Today it dawned on me that I am due to write an after action report for Friday's afternoon of functional fitness (aka CrossFit) training on Ft Meade. Without a doubt it was a success, although I can't be sure how many of the attendees "got it" or took away the desired message. What I am sure of is that each person who went through the lecture, instruction, demonstrations and work-out on Friday at the very least was exposed to an outstanding alternative view of fitness. I suppose the best way to begin is with how it got started.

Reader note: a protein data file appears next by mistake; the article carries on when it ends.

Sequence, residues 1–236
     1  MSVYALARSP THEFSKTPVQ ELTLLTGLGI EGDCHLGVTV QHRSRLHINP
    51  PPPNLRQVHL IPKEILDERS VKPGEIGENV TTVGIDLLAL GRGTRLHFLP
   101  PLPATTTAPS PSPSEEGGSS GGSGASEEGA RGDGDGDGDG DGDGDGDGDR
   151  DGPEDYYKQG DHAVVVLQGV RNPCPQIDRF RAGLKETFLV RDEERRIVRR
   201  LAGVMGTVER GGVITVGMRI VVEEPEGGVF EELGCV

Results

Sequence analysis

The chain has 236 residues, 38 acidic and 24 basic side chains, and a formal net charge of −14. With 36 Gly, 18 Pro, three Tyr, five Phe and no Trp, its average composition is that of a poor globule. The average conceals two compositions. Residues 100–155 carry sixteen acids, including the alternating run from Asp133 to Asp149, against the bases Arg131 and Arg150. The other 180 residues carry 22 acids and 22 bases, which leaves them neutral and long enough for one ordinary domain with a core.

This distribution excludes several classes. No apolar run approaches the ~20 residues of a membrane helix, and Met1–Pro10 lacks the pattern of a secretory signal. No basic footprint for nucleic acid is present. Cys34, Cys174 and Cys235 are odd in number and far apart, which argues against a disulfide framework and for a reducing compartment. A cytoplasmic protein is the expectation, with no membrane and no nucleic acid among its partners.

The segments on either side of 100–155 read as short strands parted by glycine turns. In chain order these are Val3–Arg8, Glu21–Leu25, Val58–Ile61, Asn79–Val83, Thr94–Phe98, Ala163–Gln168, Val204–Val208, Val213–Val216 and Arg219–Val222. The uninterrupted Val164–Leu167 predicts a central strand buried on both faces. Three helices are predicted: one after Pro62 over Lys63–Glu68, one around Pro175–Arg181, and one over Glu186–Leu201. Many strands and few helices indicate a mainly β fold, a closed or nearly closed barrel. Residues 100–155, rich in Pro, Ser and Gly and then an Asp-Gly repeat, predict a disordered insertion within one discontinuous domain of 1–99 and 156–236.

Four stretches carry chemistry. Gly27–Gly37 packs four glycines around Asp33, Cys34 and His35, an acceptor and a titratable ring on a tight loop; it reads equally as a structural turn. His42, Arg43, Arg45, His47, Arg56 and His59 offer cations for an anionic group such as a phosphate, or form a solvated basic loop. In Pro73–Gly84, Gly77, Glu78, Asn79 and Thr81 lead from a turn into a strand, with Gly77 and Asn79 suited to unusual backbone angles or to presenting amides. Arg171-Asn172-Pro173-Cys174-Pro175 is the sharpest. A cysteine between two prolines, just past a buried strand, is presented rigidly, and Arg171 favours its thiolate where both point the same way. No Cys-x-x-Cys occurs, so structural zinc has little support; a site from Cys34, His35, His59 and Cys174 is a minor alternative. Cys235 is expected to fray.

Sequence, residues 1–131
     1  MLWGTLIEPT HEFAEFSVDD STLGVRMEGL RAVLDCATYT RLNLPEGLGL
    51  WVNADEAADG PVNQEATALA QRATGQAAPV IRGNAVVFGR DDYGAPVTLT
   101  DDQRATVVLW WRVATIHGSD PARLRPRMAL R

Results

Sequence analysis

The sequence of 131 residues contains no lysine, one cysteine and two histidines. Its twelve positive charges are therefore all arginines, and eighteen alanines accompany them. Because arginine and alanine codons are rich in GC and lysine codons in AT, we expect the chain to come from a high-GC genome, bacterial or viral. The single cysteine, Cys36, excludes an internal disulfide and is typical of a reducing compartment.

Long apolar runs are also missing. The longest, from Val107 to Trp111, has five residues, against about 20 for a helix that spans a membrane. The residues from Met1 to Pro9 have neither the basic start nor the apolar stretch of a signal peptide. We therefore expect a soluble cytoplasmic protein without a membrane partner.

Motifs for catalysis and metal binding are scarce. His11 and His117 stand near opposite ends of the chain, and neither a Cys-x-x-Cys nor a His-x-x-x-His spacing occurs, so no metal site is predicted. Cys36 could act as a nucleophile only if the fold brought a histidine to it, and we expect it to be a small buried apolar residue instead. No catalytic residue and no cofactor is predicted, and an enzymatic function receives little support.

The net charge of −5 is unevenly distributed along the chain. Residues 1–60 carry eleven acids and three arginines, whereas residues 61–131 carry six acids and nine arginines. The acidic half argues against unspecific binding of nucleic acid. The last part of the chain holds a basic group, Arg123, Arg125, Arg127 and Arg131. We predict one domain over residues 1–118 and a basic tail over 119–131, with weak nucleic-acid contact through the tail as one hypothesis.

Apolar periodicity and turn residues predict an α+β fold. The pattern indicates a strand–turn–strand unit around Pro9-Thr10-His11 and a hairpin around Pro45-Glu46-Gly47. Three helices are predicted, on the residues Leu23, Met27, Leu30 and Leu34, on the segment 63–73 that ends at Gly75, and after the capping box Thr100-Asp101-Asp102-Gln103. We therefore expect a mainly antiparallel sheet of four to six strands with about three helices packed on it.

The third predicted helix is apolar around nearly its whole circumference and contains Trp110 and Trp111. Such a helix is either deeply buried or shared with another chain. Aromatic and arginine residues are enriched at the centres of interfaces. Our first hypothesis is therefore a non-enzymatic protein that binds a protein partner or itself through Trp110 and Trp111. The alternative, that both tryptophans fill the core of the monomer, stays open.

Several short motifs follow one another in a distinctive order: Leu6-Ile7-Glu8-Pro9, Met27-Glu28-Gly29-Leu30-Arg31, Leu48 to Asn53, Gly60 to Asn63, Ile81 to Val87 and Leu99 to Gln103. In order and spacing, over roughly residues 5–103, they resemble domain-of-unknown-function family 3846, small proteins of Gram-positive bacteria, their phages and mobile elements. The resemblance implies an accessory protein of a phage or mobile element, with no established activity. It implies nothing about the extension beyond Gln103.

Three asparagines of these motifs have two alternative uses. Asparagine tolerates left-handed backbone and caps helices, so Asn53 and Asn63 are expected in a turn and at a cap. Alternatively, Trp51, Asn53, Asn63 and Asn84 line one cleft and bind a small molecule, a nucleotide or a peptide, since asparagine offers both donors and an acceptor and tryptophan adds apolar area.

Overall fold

The second week in September of 2007 I attended the CrossFit level 1 certification seminar held in Quantico, VA. It was a two day whirlwind of fitness training that challenged the widely held paradigms of modern body building, endurance training, nutrition and fitness at large. Personally I was in awe for the greater part of both days--mainly because I had been following CrossFit Inc's fitness regimen through their website (www.crossfit.com) since the summer of 2005. Until the August it never dawned on me that I would ever attend one of their trainer certification seminars, but right after my birthday the September Quantico Certification showed up on the main page. With some trepidation I clicked until I received my attendance confirmation e-mail.